Is this a society? Is this an age old custom to discriminate others? Is this a culture where we don’t accept others differences, unique viewpoints? Tolerance is essential for harmony.
Don’t we see Hollywood movies that speak volumes on such themes? Where do our orthodox attitudes go then? LGBT-themed films have won the industry’s highest honor: Oscar. There has been enough support during the Moonlight’s historic win at the Academy Awards. We are somewhere shocked to find a Bong making such an audacious attempt probably.
Calcuttans’ decisions and choices are ever wavering, their stances keep oscillating. ‘Loke ki bolbe?’ (scared of consequences) and ‘Loke ja korbe tai korbo’ (blindfoldedly following the majority) syndrome is what we suffer from.Why do we fear to beg and differ?

He was the first in India to host a gay pride parade, attended by 15 people, back in 1991. He was a visionary who came out as gay in the early 2000s and used the media for conversations on LGBTQ experiences and rights which gained momentum when Section 377 of IPC got decriminalized recently. Rituparno Ghosh celebrated his gender-fluidity. He was the FIRST PERSON in many of LGBTQ’s lives.
He wanted empathy and we ended up being sympathetic to the loner. We did gift him pain and solitude every time he was made an object of ridicule thus disrespecting a man of such high intellect and creative bent of mind.
The alternative gender will be considered mainstream and united with all.
This Ritu-poriborton proborton is still a dream for Ritu himself that he wanted to see in the society. Yes, it is indeed a long lost, distant and unfulfilled dream that woke him up to the reality every morning telling him ‘Bonomali tumi poro jonome hoyo radha’…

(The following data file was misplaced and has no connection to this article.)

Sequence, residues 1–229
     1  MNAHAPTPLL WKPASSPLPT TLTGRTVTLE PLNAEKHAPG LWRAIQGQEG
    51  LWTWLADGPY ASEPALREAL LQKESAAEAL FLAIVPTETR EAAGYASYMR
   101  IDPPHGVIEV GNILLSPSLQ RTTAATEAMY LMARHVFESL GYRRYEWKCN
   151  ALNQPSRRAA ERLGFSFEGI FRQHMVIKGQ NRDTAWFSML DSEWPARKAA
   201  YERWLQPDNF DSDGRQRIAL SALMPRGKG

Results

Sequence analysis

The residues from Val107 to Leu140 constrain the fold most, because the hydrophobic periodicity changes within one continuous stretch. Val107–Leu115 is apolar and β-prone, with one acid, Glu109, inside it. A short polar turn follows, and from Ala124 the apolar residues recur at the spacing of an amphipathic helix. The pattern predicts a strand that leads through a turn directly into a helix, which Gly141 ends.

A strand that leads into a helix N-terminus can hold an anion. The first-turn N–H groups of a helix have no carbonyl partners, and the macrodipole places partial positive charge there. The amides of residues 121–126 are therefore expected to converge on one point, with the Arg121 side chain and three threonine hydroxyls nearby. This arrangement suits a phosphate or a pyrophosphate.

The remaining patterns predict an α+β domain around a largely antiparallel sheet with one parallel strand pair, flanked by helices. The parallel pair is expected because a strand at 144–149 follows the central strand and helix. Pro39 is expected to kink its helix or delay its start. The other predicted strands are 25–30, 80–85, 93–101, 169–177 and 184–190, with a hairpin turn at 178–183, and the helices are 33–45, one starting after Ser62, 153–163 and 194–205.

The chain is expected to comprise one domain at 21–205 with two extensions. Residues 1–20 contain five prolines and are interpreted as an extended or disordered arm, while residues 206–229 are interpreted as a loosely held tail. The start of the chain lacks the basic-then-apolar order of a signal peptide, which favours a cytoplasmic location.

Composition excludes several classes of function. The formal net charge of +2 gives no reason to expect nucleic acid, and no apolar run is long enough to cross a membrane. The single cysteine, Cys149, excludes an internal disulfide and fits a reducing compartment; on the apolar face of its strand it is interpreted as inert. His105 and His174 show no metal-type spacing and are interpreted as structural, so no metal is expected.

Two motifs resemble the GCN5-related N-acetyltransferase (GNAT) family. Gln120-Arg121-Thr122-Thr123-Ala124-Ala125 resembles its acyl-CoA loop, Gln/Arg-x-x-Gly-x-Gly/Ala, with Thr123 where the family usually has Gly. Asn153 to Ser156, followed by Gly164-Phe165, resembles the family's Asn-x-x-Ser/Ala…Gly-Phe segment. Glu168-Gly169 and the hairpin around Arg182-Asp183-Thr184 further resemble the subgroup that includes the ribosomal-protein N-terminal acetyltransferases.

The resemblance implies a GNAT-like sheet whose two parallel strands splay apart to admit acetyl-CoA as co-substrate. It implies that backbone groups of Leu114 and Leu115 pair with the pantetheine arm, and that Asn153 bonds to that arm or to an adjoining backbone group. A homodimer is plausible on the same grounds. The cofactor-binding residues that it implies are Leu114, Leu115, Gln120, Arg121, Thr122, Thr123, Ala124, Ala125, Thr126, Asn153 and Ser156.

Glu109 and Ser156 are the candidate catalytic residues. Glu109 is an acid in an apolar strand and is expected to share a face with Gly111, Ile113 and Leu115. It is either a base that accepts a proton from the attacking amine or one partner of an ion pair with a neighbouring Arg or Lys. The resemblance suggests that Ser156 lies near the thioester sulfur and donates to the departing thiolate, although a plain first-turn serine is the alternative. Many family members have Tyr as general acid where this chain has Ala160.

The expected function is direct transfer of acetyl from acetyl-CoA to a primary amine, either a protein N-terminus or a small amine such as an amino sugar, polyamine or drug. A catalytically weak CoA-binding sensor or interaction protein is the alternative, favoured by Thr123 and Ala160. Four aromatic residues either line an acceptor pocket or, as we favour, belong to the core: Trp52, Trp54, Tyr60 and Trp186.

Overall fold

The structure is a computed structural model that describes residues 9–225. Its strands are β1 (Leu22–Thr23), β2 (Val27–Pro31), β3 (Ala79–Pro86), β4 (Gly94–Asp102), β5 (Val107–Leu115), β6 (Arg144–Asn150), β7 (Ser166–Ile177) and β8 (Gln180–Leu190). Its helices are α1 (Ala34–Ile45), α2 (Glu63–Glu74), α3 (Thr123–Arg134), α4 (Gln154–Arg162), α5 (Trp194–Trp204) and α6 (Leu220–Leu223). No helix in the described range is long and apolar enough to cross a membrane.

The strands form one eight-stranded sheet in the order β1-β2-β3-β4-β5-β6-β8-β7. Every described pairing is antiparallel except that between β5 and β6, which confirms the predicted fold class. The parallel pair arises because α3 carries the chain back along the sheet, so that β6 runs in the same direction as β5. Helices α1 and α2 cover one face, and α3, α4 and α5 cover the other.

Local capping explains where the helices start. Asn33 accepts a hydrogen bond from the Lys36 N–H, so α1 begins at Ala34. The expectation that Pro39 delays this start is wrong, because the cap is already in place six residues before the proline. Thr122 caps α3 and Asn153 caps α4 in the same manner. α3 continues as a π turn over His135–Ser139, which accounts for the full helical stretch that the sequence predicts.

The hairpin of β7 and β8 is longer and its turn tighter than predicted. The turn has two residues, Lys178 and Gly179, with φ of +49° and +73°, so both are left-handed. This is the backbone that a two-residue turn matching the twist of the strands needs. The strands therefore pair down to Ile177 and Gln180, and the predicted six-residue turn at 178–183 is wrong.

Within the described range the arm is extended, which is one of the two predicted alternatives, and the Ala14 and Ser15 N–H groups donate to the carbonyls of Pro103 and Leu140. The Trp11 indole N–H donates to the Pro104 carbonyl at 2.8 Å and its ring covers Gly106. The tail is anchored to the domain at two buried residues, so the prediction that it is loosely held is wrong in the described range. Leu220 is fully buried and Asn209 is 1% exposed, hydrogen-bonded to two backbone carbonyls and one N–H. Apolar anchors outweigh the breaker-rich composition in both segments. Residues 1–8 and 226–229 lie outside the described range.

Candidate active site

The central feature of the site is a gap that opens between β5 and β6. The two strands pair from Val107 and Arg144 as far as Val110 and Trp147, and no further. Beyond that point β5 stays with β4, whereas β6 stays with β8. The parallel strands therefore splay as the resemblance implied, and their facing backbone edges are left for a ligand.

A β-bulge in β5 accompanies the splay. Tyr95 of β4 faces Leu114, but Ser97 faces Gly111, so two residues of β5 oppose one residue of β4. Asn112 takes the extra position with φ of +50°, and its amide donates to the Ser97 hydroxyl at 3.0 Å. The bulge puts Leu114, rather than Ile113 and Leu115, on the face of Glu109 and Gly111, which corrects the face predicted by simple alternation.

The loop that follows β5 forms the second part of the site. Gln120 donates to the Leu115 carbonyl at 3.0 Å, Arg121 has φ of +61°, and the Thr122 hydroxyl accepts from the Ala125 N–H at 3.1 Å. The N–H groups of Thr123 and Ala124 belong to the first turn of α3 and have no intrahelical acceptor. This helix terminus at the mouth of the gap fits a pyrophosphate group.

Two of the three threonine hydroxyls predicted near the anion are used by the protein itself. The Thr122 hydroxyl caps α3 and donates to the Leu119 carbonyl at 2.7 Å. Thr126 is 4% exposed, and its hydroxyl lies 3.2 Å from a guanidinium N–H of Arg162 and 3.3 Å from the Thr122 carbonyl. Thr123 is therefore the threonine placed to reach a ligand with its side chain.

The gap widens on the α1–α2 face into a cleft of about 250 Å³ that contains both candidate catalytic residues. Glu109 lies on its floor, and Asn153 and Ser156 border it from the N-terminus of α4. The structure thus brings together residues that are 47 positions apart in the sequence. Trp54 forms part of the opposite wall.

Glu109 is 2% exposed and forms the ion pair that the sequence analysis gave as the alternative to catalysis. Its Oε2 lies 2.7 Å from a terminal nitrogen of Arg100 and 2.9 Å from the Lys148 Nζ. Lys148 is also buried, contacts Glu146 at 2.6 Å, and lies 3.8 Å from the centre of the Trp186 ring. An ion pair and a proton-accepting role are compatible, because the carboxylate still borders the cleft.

He once told a newspaper: “Women can wear men’s clothes. The problem arises when men wear women’s clothes.”
Why so?
A MAN comes from a woMAN. A MAN is born from a WOMAN. Can we beat that???
Finally, this goes out from one Ghosh to the other.
Dear Rituda,
You are the void which I can feel….You are the void which no one can fill!
You were REAL, You were NATURAL, You were ‘YOU’. I miss you !

Ambika Ghosh: Currently pursuing Post Graduation in Journalism and Mass Communication with a specialization on Media, Society and Culture from Jadavpur University. FM Presenter with All India Radio, Kolkata. An empanelled anchor of Doordarshan Kendra, Kolkata. A student of Dakshinee.

Pictures: Hoichoi tv, Researchgate.com, Indiaware

Published inFeature Writing

One Comment

  1. Ambika bhalo laglo tomar sanbedanshil lekha … Rituparno’r jantrana prakash peyechey sabalil lekhanitey. Aro likho!